China’s Land Policy
|July 6, 2012||Posted by Jeffery J. Smith under News|
Playing Favorites Or Enforcing Equality?
The vast majority of Chinese are not the ones getting the vast majority of Chinese land rent. This 2012 article is from OpEd News, Jun 15. The author wrote the introductory chapter in China in the Next 30 Years and its sequel.
By Dr. Michael Hudson
Most Chinese peasants want to escape from agriculture, although national policy stipulates that 1.8 billion acres in China must be used for farmland. There are about 900 million farmers in China, but young people are largely deserting the rural areas and moving to the cities to better their lot. In fact, some areas are being almost entirely deserted.
Peasants are building quick houses on their land to get compensation if their parcel is turned back into farmland and the houses are torn down by the government, or to get rezoning as residential sites. (I was told that one peasant got 10 million yuan for a house that was torn down — a kind of urban/rural arbitrage evidently has developed between agriculture and construction.)
The earlier communal spirit had been replaced by individual maneuvering. More often, the result was short-term opportunism. Many peasants sublease their land rights to developers, foreign investors, or other users.
China’s regions have a “GDP race,” which is won largely by attracting foreign investment, mainly into large projects such as the “100,000 pig” farms being developed most visibly by Taiwanese investors. There has been little discussion of how China as a nation benefits from the surplus. The key is simply to increase production to meet targets or exceed other localities.
Foreign investors in pig farming and other agricultural projects get a government subsidy, but not small farmers. The first two years are tax-free, and the next three years have lower-than-average tax (15% of profits). But few foreign investors declare a taxable profit, using transfer pricing or “expensing” their cash flow as interest payments to offshore financial vehicles. As far as China’s economy is concerned, the surplus is largely given away. The Wuhan area does not get taxes from Taiwanese meat-producing companies.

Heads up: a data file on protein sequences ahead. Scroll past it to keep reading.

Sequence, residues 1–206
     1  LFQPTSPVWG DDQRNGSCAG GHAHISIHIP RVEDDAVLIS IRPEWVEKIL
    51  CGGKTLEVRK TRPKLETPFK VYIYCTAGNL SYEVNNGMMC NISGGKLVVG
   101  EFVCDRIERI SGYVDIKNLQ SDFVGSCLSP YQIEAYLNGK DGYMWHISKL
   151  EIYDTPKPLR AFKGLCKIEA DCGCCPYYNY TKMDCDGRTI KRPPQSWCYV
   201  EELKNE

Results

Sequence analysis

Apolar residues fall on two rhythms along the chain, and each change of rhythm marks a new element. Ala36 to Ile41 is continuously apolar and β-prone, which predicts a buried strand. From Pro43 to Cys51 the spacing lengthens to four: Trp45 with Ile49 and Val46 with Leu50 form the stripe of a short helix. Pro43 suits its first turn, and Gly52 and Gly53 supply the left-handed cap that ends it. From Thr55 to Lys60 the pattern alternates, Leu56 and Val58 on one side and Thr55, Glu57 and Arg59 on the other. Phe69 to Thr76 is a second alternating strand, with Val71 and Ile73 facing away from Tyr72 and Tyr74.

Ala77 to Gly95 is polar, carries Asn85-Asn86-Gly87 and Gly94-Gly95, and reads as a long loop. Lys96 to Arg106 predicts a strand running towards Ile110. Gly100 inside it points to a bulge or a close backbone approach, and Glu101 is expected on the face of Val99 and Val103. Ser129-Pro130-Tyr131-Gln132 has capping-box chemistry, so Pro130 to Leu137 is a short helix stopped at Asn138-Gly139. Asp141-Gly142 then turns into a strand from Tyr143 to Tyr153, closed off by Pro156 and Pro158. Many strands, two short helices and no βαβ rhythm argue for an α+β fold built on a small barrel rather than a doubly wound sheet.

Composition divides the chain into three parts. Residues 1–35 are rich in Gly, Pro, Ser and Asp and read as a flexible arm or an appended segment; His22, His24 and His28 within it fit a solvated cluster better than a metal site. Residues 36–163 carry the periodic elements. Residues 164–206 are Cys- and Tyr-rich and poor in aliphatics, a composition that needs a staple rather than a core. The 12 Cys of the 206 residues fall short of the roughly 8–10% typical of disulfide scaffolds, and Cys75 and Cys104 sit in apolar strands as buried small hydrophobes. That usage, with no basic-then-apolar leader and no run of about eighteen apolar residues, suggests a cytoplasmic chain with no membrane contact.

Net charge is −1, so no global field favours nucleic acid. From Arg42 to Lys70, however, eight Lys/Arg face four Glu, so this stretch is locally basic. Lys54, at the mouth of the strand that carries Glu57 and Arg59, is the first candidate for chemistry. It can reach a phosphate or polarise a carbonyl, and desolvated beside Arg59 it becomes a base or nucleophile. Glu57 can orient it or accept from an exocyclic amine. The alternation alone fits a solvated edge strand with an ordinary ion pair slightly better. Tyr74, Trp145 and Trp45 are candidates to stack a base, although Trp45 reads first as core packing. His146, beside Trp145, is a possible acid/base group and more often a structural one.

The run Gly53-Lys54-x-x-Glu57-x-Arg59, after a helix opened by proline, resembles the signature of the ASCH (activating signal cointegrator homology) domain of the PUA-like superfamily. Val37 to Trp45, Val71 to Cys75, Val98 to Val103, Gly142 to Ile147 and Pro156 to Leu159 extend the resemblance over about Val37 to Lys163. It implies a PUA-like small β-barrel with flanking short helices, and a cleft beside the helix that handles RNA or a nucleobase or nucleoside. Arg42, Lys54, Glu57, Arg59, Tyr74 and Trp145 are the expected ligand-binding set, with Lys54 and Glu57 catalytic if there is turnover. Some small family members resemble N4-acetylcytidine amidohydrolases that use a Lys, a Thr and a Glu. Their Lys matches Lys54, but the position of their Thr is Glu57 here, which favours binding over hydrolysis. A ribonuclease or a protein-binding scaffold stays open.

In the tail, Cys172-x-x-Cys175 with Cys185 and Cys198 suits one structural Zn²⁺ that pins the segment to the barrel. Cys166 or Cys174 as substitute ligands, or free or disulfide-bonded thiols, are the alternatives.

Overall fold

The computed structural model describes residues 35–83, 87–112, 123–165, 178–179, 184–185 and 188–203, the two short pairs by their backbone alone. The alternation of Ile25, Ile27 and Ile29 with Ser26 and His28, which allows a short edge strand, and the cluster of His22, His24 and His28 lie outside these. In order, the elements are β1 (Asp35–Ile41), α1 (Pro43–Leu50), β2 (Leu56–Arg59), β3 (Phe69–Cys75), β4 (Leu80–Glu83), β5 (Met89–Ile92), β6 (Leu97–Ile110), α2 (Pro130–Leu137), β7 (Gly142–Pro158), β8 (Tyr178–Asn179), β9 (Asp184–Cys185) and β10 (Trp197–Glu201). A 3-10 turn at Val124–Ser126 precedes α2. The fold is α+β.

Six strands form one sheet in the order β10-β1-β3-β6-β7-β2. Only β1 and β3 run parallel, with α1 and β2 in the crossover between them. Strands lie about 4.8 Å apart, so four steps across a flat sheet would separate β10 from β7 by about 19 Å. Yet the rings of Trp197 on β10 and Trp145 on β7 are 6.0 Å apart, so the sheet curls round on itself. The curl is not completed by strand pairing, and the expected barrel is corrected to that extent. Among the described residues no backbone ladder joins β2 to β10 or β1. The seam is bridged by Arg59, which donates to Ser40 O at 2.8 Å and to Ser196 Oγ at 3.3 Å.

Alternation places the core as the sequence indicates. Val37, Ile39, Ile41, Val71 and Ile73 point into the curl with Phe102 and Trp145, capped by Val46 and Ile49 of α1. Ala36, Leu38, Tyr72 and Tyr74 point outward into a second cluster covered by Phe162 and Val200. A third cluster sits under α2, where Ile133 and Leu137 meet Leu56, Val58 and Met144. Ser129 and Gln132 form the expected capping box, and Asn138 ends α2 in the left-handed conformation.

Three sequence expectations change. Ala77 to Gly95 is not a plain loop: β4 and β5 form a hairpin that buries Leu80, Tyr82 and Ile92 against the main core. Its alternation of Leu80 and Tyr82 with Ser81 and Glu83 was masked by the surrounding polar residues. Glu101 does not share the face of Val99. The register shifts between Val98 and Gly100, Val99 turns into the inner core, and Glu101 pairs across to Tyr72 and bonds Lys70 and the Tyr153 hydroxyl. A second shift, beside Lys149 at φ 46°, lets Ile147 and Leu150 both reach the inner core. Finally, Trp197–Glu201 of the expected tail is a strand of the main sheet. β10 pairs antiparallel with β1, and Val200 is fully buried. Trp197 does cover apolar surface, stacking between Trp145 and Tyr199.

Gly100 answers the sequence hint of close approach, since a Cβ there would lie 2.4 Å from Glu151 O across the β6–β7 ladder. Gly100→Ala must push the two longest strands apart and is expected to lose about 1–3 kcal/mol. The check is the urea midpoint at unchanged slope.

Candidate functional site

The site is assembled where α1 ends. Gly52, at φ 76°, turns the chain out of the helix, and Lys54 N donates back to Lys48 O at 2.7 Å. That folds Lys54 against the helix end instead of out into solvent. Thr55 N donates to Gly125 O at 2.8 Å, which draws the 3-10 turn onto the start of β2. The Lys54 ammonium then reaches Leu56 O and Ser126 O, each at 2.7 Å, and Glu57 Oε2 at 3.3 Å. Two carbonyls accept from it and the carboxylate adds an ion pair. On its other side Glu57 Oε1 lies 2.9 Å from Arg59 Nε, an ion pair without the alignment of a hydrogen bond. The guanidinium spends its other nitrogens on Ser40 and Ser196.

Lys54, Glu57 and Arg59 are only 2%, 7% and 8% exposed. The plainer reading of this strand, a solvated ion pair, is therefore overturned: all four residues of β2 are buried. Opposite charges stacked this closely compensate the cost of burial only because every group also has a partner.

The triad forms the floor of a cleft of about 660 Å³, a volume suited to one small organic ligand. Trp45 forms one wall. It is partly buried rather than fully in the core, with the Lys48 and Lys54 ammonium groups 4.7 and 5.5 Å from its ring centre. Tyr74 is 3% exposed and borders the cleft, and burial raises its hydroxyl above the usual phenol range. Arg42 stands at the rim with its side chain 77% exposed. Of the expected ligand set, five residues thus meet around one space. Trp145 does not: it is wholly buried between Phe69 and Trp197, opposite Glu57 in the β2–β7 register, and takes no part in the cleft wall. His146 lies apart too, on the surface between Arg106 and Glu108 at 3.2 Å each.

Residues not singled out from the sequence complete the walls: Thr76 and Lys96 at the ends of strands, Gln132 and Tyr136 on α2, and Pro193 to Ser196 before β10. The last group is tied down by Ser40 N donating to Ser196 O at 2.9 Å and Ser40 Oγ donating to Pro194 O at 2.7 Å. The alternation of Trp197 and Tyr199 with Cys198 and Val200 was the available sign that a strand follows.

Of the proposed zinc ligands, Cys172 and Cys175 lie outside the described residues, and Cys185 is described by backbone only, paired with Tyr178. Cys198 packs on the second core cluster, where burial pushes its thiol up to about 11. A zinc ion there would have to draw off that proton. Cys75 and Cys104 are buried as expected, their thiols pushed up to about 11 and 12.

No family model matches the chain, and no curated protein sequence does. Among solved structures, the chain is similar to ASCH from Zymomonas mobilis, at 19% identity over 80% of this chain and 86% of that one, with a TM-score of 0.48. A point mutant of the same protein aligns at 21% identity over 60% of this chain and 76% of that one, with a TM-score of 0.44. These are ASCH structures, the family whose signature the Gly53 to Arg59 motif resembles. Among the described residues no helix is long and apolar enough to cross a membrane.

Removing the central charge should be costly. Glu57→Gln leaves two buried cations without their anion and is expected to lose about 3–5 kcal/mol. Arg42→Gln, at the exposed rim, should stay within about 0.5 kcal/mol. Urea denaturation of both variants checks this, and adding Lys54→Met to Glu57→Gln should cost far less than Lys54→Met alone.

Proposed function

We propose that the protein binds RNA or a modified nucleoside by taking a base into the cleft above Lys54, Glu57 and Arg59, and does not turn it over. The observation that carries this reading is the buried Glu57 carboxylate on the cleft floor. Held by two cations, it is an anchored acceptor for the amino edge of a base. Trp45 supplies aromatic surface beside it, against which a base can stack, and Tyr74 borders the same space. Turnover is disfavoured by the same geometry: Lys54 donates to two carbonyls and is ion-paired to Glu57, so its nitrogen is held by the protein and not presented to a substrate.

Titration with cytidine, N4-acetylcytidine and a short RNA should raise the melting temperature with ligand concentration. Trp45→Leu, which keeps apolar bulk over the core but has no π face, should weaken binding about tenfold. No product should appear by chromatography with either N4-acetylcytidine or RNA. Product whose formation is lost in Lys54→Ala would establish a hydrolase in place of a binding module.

Animal husbandry is for the domestic market, where prices are in excess of those in foreign markets. The government wants to lower meat prices, by producing more. But on balance, it is sacrificing agriculture in favor of urban development and new construction.
The result is that although China’s land is nominally owned by the state, its rental site value is left in private hands, after being collected “in advance” — for 70 years from residential developers, 30 years for agriculture. Originally, these 30-year agricultural permits were to expire in 2012, but they have now been made permanent.
The “land rent” recovered is not the actual market site value, which has soared as the economy has prospered. Foreign investors tend to get favoritism. Public financial aid is for the landowner, not the renter or leasor!
The central government has little voice in land use, which has been privatized by the granting of land-use permits, which have become marketable. Local peasants decide what to farm — and are free to lease their land with scant oversight.
Farmers pay no tax, and get 400 yuan per acre to plant, on average. They sell their crop at prices set by the government (even crops that are brought into the cities for sale). If price rise, the government lowers the subsidy paid to farmers so as to stabilize their income. This is a major reason why peasants are so eager to sublet their land to non-agricultural users or large foreign investors.
Where the government has focused aid is for large investors, not small ones, e.g. in its 10,000 pigs policy. (Beef herding is smaller scale, I was told.) Buyers pay the land-use tax and other transfer costs reflecting land-use privileges.
Underutilized land is a problem. But there are no taxes on unused land, so little fiscal incentive to use it or bring it back into cultivation, as rights are not lost when land is used sub-optimally.
JJS: Chinese policymakers get some things right, as when they let farmers own farmland, but also get some things wrong, as when they let developers corral land rents, instead of public agencies recovering these socially-generated site-values for public benefit.
You think China’s economy is growing, and while that is true, it is actually creating and growing for a new bourgeoisie and ruling elite. This growth is splitting China in two, making nigh impossible for China to become a super power, not with so many poor people and with a ravaged environment, depleting resources and polluting people, sickening citizens and dumbing down the populace. The Chinese government has done many good things but must do many more before it can usher its nation into the ranks of the superpowers.
As China, the US, etc confront corruption …